George Monbiot recently made a major about-face on his peak oil stance, on the grounds that unconventional oil represents a new reality. The basis of his u-turn is a recent report on unconventional oil by Leonardo Maugeri, (former) oil executive at Italy's Eni, published at Harvard University, where Maugeri's a Senior Fellow at the John Kennedy School, Belfer Center, which we discussed here at TAE in Unconventional Oil is NOT a Game Changer.
Peak oil hasn't happened, and it's unlikely to happen for a very long time.
A report by the oil executive Leonardo Maugeri, published by Harvard University, provides compelling evidence that a new oil boom has begun. The constraints on oil supply over the past 10 years appear to have had more to do with money than geology. The low prices before 2003 had discouraged investors from developing difficult fields. The high prices of the past few years have changed that.
Maugeri's analysis of projects in 23 countries suggests that global oil supplies are likely to rise by a net 17m barrels per day (to 110m) by 2020. This, he says, is "the largest potential addition to the world's oil supply capacity since the 1980s". The investments required to make this boom happen depend on a long-term price of $70 a barrel – the current cost of Brent crude is $95. Money is now flooding into new oil: a trillion dollars has been spent in the past two years; a record $600bn is lined up for 2012.
I sent George a short response to his article, by way of opening a dialogue:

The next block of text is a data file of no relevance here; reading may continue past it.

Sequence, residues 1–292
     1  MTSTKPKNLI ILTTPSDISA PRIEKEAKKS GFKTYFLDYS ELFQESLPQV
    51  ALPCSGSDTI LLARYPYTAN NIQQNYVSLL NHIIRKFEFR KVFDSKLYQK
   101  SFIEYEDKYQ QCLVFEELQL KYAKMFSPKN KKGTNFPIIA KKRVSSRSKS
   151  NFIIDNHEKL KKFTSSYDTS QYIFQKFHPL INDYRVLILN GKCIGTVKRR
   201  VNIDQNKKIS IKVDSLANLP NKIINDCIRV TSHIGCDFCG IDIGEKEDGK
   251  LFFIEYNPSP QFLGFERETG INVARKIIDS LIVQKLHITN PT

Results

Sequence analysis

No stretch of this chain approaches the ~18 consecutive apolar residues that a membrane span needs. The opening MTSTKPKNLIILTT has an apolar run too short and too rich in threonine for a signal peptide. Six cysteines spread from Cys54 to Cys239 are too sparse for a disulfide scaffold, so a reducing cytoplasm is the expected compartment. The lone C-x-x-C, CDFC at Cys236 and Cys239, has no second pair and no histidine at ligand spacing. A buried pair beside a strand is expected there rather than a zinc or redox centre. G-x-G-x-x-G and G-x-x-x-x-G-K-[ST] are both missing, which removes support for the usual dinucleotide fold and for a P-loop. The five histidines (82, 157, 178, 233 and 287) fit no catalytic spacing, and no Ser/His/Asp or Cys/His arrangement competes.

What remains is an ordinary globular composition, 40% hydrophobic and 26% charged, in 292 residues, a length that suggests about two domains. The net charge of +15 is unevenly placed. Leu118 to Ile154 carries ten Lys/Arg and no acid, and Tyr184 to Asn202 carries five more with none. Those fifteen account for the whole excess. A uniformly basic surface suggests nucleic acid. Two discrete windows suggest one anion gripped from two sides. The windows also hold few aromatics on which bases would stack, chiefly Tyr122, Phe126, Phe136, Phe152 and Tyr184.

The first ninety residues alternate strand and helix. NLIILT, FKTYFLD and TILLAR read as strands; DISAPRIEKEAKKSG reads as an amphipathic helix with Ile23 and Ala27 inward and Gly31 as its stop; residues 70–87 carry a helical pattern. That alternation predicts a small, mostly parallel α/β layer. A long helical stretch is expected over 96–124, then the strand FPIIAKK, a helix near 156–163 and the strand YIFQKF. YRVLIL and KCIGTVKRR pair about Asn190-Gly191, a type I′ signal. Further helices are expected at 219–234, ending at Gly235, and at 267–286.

What we are facing is a demand and price collapse that will render unconventional supplies uneconomic. Natural gas is leading the way over the next few years. The high cost and low EROEI are fatal flaws.
And received this reply:
If there's a collapse in demand, peak oil is not an issue, right? If there's a resurgence of demand, unconventionals become economic again. As for EROEI being a constraint, try telling that to the tar sands producers in Alberta.
With best wishes,
The debate continues. Here is my next installment:
A demand collapse will certainly put peak oil on the backburner for a number of years. The next few years will be remembered for financial crisis as we move into what will be at least as bad as the Great Depression (and very likely worse, since the bubble was much larger this time). Peak oil will not have gone away, however.
We have used the cheap and accessible oil (and other fossil fuels) and what remains will be exceptionally, and increasingly, expensive in both financial and energy terms. Predictable consequences will follow from this, but in a complex interaction with many other factors, notably the context of the huge credit bubble bursting. This amounts to crashing the operating system. For a while, resource constraints will be relieved due to economic seizure (i.e. the collapse of both the money supply and the velocity of money).
During the period of financial crisis, deflation and deleveraging, weak demand will buy us some time, but at the cost of setting us up for a supply crunch later. The period of sharply falling prices will kill investment in the energy sector, because the cost of production will fall less quickly than prices, meaning margins will be squeezed. Both physical and financial risks will be much higher. A lack of economic visibility will be anathema to what are inherently long term projects.
In addition, trade collapses during periods of economic depression, as for instance letters of credit become impossible to obtain, and the lack of funds for maintenance compromises the integrity of distribution infrastructure. Infrastructure may also be deliberately targeted during the inevitable upheaval. All of these factors act to reduce supply, and would be difficult, or impossible, to reverse quickly if demand were to rise.